Dirty Laundry: #SecondHandSeptember

Top and jumper both preloved. Skirt, tights and jewellery bought new


Coming in to my second week of #SecondHandSeptember, Oxfam’s initiative to stop us buying so many clothes and so ruining our planet, I’m looking back at my progress so far.

To start with, as pledged, I’ve bought no new clothes this past week. Not that I’m likely to as my chests of drawers and wardrobes are still bulging with clothes. This in spite of a yearlong purge. Secondly I’ve worn at least one item of preloved clothing every day since and including 1st September.

Also, I’ve worn some things twice, which has both saved thinking about what to put on today, but also has saved water, power and not polluted the environment with particles from manmade fibres. All in all another result.

Too much washing is something that we have to address if we’re serious about environmental issues. Not only is it wasteful of precious resources, but it probably isn’t very good for us either. Not only are we destroying the natural world, but we’re doing in needlessly and when we extend washing our clothes to washing our bodies then we’re washing away natural oils that we need to keep our skin looking good and being healthy.

There is research that links being too clean with developing conditions like asthma. As human animals we need a certain amount of dirt to keep us healthy. We have to keep on good terms with bacteria of all kinds, especially those in our guts and using anti-bacterial cloths, disinfectants etc. is doing us no favours. When push comes to shove and we really need those antibiotics to save lives we are finding that they no longer work for us.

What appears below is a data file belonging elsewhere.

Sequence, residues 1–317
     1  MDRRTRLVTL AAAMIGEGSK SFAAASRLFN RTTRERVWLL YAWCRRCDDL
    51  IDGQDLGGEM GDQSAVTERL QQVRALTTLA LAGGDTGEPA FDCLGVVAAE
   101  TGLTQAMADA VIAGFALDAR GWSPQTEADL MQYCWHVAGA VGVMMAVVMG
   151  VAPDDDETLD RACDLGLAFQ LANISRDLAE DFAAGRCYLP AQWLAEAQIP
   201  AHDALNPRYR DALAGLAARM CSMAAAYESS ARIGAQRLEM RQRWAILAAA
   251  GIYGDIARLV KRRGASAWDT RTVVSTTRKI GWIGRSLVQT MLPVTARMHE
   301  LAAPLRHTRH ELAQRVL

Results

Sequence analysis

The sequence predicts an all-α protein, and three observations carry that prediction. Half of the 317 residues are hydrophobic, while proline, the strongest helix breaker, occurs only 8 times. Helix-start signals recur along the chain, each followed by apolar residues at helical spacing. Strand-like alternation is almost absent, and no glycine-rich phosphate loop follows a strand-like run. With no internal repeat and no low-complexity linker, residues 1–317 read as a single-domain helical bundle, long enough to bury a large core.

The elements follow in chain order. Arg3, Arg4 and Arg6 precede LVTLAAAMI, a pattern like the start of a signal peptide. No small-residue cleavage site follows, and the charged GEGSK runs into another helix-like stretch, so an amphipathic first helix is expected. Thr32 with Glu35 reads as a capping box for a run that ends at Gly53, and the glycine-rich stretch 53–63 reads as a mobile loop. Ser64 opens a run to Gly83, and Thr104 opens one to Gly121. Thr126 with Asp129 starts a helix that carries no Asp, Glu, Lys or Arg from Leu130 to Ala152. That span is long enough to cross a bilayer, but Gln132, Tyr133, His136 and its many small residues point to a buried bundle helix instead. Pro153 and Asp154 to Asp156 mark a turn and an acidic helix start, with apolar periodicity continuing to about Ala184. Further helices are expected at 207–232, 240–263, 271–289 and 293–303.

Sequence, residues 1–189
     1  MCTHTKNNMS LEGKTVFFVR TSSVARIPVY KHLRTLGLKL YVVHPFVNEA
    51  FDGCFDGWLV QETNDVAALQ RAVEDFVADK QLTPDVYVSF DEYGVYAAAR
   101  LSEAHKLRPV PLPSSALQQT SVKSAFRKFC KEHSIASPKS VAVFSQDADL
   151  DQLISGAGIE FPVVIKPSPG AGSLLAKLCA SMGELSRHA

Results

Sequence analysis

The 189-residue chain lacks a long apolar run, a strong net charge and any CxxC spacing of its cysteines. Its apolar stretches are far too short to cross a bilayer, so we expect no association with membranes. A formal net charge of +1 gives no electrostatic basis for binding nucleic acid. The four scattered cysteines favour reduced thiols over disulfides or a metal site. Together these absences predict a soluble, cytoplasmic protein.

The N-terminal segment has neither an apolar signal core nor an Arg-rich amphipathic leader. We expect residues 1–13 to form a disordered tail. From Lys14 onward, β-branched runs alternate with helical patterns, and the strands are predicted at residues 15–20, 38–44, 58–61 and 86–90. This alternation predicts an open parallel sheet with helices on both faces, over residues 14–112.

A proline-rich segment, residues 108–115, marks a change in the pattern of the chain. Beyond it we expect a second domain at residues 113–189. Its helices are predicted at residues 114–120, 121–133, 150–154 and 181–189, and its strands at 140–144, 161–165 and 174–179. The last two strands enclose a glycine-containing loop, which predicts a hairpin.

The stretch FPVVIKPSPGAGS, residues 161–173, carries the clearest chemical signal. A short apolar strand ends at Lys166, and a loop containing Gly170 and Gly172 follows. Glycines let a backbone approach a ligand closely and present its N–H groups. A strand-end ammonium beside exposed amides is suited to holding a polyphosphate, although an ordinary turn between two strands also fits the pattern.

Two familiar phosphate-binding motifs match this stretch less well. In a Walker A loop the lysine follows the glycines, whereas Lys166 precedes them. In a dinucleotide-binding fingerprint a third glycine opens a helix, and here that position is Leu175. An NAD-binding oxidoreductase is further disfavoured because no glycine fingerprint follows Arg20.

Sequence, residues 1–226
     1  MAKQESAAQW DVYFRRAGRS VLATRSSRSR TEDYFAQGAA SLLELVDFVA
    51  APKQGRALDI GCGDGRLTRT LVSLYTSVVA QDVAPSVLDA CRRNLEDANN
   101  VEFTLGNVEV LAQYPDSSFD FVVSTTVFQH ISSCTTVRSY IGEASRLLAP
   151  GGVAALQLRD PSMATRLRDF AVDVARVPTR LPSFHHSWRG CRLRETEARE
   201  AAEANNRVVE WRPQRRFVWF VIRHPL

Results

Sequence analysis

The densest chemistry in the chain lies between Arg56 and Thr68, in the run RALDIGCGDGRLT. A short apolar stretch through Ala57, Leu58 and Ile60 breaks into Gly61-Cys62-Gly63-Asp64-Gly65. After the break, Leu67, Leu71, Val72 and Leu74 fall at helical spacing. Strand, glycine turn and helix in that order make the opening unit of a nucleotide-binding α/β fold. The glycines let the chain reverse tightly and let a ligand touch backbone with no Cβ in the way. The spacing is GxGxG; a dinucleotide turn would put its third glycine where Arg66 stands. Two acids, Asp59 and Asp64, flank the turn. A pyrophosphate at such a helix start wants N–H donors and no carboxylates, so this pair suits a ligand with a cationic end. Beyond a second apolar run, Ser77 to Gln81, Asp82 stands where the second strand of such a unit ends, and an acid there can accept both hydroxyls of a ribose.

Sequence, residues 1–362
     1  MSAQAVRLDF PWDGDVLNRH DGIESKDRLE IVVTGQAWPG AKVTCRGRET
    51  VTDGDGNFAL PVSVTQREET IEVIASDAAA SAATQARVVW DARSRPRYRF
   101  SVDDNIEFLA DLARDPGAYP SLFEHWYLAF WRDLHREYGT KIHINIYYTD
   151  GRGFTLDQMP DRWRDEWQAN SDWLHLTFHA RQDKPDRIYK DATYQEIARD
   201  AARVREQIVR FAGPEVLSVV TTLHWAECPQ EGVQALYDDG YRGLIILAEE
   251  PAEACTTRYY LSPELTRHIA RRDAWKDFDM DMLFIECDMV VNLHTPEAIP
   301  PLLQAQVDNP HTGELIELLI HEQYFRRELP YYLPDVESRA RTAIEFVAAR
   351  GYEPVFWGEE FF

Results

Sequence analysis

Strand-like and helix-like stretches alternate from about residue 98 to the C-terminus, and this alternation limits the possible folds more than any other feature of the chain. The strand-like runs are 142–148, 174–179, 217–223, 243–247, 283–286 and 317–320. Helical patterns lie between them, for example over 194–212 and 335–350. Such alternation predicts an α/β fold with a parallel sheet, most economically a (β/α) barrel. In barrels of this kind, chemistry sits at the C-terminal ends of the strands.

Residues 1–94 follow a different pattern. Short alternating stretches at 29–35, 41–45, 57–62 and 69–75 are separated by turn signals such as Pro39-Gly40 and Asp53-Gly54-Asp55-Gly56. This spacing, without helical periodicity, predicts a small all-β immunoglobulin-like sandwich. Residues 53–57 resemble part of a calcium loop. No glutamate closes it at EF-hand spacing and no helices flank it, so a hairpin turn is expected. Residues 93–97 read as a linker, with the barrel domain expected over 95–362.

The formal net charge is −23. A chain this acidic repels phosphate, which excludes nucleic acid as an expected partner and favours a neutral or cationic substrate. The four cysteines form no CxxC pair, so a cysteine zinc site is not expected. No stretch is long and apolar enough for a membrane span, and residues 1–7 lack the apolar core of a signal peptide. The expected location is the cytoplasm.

So, there’s no harm in a bit of dirt. No need for endless loads of laundry. Since we all use deodorants our clothes don’t smell after a day’s wear, so surely we should only be washing them when they are really, genuinely dirty.

It’s not so long ago that this was the norm. When there were no washing machines and everything either had to be pounded clean in a dolly-tub, or boiled on the stove, then we all got much more wear out of our clothes. Nor was there any pressure to look different each time we went out, which is something else we have to contend with.

#SecondHandSeptember has focussed attention on these issues. It’s up to us to see how we can minimise our buying and laundry to do our bit for the planet.

However, this doesn’t have to be a chore. Less washing certainly does it for me. As for wearing preloved−I love the search in Charity Shops for something different. I also love wearing something that someone has passed on to me−my beloved denim jacket came from my daughter and every time I put it on it’s like having a hug.

And finally, looking through your stuff, putting an outfit together is fun!


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